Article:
The clean solution is to avoid making changes like this in the first place. I guess it’s an example of where “deploy often” can reap benefits.
When renaming a model in Rails (2.3), there are a range of files you may need to change:
Create a migration to rename the database table:
(rename_table :oldname, :newname)
Rename the model.
Edit any associations in other models.
Rename the controller (if required)
Modify any links in views.
Rename the model in controllers and views.
Rename and modify any tests.
Moral of the story – name your models correctly from the start. Keep them as generic as possible. This post came about because I initially had a model for appointments for training sessions, so the model TrainingSession was created. Then I needed to store appointments which were for a different type of session, but I kept the model name the same, as it was only seen internally, and used a named scope. Now I need to store appointments of any type, so having code referring to TrainingSession will still work, but it makes it counterintuitive to refer to generic appointments as TrainingSession.generic. Instead, Appointment.generic and Appointment.training are so much more logical.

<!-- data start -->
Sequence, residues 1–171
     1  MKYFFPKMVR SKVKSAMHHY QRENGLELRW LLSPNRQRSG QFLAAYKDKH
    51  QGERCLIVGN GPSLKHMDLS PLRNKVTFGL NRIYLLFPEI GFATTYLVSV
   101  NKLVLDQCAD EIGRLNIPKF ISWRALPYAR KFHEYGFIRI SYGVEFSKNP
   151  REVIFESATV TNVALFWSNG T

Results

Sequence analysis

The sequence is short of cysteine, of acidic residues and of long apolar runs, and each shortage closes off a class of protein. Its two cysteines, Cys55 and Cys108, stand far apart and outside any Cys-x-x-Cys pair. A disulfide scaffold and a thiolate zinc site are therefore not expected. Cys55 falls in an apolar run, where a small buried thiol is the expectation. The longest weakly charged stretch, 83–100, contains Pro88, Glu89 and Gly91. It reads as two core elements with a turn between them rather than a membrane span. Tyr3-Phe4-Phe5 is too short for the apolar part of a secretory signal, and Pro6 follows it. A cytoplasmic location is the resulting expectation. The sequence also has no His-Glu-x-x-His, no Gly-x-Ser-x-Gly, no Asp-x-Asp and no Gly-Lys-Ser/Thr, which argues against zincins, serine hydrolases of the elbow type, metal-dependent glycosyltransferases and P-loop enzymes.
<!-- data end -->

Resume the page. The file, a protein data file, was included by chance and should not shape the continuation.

I’ve long been a fan of BBC’s Grumpy Old Men. Almost everything that is complained about is something you can sympathise with. However, tonight, for the first time I noticed that they class Grumpy Old Men as being from 35 to 54 years old. Given that I’ve only got two years until I fall into this bracket, I’m not sure whether I should be offended by this, or actually feel a little bit proud.